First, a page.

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Factoring socioeconomics: informatics, pregnancy and pollution

How much socioeconomic factors affect exposure to persistent organic pollutants, especially during vulnerable periods of life such as pregnancy and childhood, is not yet well understood. A new study has investigated the relationship between maternal social class, based on occupation type, and placental concentrations of organochlorine pesticides (OCPs) and the combined estrogenic activity of analytes as revealed by a biomarker for exposure.

Persistent organic pollutants (POPs) are commonly fat soluble, or highly lipophilic, and do not degrade readily neither in the environment nor the body. As such, they can accumulate to putatively harmful levels in both the environment and living tissues. Countless researchers across the globe have investigated the effects of exposure to POPs. They have also studied the adverse clinical effects seen even at concentrations for certain compounds that were previously thought to be safe at those levels. POPS that have estrogenic or anti-androgenic properties have been of particular interest. Such compounds can have marked effects on some ecosystems in which hormonal disturbance may have a severely detrimental effect on populations as they distort the normal male-female population balance or otherwise cause sexual deformities to arise in offspring making them reproductively unviable. Perhaps given most attention, particularly by the media and activist groups has been the effects on fish, reptiles and amphibians.

According to researchers in Spain, much research has been done to understand the effects of pollutants on people too. However, little evidence has been made available regarding the effects of pesticide exposure and the health of the unborn child as it correlates or not with socioeconomic status.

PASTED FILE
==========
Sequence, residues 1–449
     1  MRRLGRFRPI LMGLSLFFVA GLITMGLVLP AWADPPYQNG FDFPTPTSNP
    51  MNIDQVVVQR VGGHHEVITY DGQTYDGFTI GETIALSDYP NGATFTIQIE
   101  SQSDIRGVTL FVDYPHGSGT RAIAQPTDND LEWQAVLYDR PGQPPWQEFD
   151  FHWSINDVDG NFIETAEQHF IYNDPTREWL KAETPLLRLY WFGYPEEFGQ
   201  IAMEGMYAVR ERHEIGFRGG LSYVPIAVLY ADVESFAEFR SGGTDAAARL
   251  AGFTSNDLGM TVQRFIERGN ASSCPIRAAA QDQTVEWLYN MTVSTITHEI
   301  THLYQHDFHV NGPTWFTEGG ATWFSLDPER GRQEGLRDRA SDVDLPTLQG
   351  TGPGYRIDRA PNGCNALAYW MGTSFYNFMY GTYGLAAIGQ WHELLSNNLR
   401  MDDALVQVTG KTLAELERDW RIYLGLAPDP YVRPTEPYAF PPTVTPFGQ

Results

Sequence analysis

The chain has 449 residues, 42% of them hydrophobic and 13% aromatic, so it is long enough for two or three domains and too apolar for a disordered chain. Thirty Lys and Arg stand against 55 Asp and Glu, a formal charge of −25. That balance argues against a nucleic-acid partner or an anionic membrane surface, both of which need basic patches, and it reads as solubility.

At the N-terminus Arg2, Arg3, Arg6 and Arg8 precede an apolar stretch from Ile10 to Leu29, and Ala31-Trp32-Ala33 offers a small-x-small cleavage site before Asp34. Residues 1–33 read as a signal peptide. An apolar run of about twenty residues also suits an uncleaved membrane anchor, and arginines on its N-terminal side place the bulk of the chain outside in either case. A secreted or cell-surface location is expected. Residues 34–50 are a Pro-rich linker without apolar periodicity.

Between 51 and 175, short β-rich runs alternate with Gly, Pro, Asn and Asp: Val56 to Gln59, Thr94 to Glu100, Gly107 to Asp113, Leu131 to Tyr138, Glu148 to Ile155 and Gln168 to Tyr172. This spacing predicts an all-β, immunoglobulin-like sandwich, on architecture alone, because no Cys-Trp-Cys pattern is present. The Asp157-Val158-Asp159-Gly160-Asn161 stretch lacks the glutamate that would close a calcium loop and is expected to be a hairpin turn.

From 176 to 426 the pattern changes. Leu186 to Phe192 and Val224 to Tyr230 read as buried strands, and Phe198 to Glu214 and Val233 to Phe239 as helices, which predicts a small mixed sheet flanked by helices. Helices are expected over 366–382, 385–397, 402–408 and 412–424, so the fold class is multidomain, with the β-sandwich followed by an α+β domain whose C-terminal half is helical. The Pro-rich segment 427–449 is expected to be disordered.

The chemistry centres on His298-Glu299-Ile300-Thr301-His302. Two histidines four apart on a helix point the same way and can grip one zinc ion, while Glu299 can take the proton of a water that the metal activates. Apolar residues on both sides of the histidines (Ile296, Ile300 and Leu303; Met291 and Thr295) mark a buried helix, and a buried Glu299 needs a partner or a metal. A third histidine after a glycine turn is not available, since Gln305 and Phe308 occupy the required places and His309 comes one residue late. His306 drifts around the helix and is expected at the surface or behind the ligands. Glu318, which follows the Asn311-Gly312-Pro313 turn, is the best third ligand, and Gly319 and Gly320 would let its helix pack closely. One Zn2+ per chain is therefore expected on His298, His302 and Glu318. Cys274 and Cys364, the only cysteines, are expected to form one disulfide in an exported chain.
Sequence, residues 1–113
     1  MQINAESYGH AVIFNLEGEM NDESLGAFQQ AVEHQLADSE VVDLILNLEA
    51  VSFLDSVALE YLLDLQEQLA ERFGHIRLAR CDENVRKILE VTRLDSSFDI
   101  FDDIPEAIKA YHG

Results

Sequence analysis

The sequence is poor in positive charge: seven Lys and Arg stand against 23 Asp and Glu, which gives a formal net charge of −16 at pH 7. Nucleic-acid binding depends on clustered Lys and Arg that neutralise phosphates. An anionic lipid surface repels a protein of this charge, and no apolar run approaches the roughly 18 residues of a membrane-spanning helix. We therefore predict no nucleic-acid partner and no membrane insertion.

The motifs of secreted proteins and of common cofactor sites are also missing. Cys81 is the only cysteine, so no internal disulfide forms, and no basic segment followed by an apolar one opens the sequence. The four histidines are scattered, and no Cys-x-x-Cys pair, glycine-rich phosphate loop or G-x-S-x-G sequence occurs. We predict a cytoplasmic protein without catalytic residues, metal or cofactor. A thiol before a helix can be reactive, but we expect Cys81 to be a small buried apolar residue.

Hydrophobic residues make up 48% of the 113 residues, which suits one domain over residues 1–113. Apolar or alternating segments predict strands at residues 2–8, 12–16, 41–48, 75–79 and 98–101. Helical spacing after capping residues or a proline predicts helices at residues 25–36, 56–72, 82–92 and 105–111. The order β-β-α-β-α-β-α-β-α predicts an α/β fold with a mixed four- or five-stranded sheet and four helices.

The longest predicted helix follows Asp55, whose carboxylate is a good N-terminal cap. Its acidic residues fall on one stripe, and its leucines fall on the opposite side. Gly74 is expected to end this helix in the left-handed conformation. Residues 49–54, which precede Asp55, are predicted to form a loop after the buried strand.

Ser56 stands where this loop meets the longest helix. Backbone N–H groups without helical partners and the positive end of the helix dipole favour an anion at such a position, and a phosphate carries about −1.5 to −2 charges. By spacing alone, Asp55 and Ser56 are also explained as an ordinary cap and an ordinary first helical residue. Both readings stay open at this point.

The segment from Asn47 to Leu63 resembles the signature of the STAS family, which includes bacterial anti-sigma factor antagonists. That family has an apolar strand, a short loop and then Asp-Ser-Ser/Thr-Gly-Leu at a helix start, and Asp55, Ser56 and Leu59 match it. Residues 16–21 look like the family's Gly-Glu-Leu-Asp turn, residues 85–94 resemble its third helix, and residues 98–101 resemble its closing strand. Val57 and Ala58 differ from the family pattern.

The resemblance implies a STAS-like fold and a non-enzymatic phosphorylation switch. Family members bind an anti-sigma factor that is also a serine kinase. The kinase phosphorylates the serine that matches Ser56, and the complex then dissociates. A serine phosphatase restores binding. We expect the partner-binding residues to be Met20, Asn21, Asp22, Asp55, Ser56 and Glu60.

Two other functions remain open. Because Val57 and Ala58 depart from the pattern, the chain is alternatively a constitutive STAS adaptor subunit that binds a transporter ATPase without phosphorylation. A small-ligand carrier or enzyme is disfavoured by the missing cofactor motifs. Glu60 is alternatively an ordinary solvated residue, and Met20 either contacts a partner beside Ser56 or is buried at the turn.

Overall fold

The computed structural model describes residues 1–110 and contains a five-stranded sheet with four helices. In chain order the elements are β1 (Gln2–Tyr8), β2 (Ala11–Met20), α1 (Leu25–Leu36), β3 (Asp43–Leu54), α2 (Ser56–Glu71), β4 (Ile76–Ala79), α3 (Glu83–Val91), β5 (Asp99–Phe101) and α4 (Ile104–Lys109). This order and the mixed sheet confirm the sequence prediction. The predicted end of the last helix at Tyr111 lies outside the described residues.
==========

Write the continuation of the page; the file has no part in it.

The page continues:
Now, Carmen Freire of the Laboratory of Medical Investigations, at the San Cecilio University Hospital, at the University of Granada, and colleagues there and at the Centre for Public Health Research (CSISP), in Valencia and the Centre for Research in Occupational Health (CiSAL) in Barcelona, have investigated the issue in detail. They have look at the placental concentrations of organochlorine pesticides and their relationship to maternal social class.
Mixed pesticides

The Spanish team looked at exposure to 16 OCPs (DDTs, endosulfans, and seven other compounds) and the total effective xenoestrogenic burden (TEXB) for 257 subjects in Southern Spain. In this part of the world,  intensive greenhouse-based agriculture is the norm and represents one of the biggest users of this approach in Europe. As such, very large quantities of pesticides are used here and so their is potential for agricultural workers and the local population to constitute a special case of exposure to these chemical compounds.

The team determined OCP using gas chromatography (GC) and mass spectrometry (MS), and they assessed estrogenic loading, TEXB, using the E-Screen bioassay. They classified the mothers’ class by occupation manual to non-manual by degrees. By applying a multivariate regression analysis to the data they were able to show that placental levels of certain pesticides were indeed higher in mothers in less affluent social classes. But, the results were not entirely clear cut with social class associated with 10% of the variability in total endosulfan concentration but HCB and DDT levels were markedly higher in the class groups associated with manual work.

The researchers explain how their work corroborates assumptions that socioeconomic status, as determined by education level, occupation or financial standing is not only associated with inequalities in overall hygiene and nutritional conditions but could be an indicator of exposure to persistent organic pollutants.
Pregnant pause for thought

The specific physical and chemical factors that influence exposure and absorption to POPs in humans are poorly understood. For chlorine-containing pesticides, which although banned widely are still in use in many parts of the world, exposure can derive largely from ingestion of contaminated food, although environmental, occupational and other sources might be involved. The researchers add that chronic accumulation of POPs in women’s fatty tissues is also a source of exposure for their children during gestation and while breastfeeding. The team suggests that, “There is a need to explore whether more disadvantaged populations suffer higher levels of exposure to pesticides or other environmental chemicals and how different social processes contribute to this exposure.”

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